Tonight at 7pm there will be a Reclaim the Night March through Bristol. To find out more head to the event page.  

We’ll also be hosting a Facebook Live on Tuesday 7 December at 6pm with CEOs from the Bristol Sexual Violence Alliance chatting about how we are marking the 16 days with our #CallingForChange campaign. Head to our Facebook page to watch live. 

Up until 10th December, we’ll be posting and sharing different ways that you can take action against gender-based violence. You can follow us on FacebookInstagram, or Twitter to get involved in the 16 Days campaign.  


SARSAS is a specialist support service for people affected by sexual violence. A passionate team of specialists who stand alongside those impacted by rape and sexual abuse; listening, believing, and supporting them to reclaim their lives. We campaign and raise awareness to stop it happening to others. 

SARSAS offer a helpline and live chat service, e-support, counselling, 1:1 support and group work. All our services are free and confidential.  

For more information on SARSAS go to our website.

The promise of a Bristol Local Food Fund

The Bristol Local Food Fund is a bold new idea to tackle food insecurity in our city.

Today’s blog is by Michael Lloyd-Jones, the Founder and Project Coordinator for the Bristol Local Food Fund

In Bristol, around 1 in 20 households in our city experience “moderate to severe” food insecurity, unable to access enough good quality, nutritious food to maintain health and development.

We know that food is fundamental to our lives, intertwined with key aspects of our society, economy, environment, culture, and community. Many of us are fortunate enough to enjoy Bristol’s wonderful food and drink sector, filled with talented local independents, but for tens of thousands of people in our city, it is a world away.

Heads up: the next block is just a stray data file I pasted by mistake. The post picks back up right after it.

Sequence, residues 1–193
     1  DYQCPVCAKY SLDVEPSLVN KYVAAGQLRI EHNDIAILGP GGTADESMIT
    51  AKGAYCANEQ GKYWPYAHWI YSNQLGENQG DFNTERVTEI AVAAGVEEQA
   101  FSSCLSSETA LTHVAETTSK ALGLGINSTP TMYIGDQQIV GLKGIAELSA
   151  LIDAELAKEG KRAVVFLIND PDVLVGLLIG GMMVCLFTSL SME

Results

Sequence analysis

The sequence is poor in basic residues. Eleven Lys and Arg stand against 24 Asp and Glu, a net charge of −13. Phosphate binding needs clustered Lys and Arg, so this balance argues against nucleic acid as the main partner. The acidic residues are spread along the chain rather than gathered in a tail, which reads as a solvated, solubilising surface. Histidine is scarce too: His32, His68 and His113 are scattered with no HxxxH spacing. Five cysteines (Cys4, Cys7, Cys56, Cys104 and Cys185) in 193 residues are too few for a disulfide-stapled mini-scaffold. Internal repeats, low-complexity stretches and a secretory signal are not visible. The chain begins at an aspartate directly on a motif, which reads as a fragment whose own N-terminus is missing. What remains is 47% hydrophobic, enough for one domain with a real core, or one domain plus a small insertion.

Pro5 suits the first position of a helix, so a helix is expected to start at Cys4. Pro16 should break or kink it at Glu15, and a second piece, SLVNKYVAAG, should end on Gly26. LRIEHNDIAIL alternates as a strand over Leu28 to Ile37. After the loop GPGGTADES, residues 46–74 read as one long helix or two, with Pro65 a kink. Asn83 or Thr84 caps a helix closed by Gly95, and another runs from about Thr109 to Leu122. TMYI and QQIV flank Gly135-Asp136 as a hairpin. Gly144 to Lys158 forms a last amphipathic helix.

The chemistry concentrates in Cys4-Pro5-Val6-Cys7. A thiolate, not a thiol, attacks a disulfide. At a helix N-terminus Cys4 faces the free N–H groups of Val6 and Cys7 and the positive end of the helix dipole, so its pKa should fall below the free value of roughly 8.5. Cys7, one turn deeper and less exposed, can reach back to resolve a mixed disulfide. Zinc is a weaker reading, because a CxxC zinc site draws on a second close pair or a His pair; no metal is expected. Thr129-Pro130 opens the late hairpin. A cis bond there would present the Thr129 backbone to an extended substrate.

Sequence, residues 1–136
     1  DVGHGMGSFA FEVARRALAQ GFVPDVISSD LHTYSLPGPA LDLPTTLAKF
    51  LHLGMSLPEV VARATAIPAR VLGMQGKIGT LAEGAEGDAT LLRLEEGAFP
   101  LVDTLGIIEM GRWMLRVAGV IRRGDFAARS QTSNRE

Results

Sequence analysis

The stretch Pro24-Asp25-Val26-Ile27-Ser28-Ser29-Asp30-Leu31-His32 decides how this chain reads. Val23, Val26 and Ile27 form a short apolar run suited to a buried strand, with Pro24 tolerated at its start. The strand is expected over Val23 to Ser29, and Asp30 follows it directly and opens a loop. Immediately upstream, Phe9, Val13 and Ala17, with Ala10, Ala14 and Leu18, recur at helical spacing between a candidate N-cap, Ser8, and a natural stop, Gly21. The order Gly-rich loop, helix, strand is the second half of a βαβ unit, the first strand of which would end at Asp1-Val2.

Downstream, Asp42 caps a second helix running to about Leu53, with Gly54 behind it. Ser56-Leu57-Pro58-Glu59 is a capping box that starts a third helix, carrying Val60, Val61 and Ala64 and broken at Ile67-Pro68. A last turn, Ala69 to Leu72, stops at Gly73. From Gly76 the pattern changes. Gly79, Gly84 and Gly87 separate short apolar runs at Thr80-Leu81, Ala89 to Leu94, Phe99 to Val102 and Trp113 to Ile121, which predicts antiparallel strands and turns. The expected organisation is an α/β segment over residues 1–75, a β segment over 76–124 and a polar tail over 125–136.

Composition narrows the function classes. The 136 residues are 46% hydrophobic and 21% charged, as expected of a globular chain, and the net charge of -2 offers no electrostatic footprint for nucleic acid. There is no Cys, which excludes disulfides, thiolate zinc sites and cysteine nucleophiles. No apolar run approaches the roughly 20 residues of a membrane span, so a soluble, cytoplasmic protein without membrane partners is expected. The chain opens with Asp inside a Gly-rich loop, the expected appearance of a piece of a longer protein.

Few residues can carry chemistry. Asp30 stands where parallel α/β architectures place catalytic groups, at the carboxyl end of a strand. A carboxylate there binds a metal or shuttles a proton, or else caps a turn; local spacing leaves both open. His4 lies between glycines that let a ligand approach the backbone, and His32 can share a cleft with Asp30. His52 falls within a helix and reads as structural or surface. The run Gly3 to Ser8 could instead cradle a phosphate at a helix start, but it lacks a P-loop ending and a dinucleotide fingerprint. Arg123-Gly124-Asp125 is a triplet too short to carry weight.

On top of existing structural inequalities, we’re seeing rocketing energy bills, rising food prices, supply chain failures, and recent cuts to Universal Credit conspiring to wreak a very harsh winter on already vulnerable households.

How can we respond to this urgent crisis as well as tackling the recurrent structural issues that cause food insecurity in our communities?

Community food projects across our city are working to reduce food insecurity, delivering solutions that go beyond the emergency provision of food banks and towards more sustainable solutions. These include growing food locally, community cooking classes, distributing nutritious food boxes – including culturally appropriate food for our diverse population – and running affordable social eating spaces.

Projects such as Heart of BS13, Lawrence Weston City Farm, National Food Service Bristol, BS5 Super Supper Club, the MAZI project, Redcatch Community Garden, and countless others are all offering responses to the specific needs of the communities they serve.

But these projects need funding and support to sustain and scale up their work. Not just emergency funding to see communities through this winter, but help to build a fairer food system that ensures everyone in Bristol can access good quality, affordable food.

That’s why we have launched the Bristol Local Food Fund.

We want to bring all the resources of our city together to create a new, accessible source of funding for community food projects. One that prioritises equitable outcomes for communities that experience the greatest disadvantages around food.

To start the fund off, we launched a crowdfunder campaign in October with a target raise of £100,000.

To ensure the fund is accessible, equitable and serves people in the city who are most in need, we will recruit a Citizen’s Panel – a group of people with lived experience of food insecurity – to help design the grant awards process.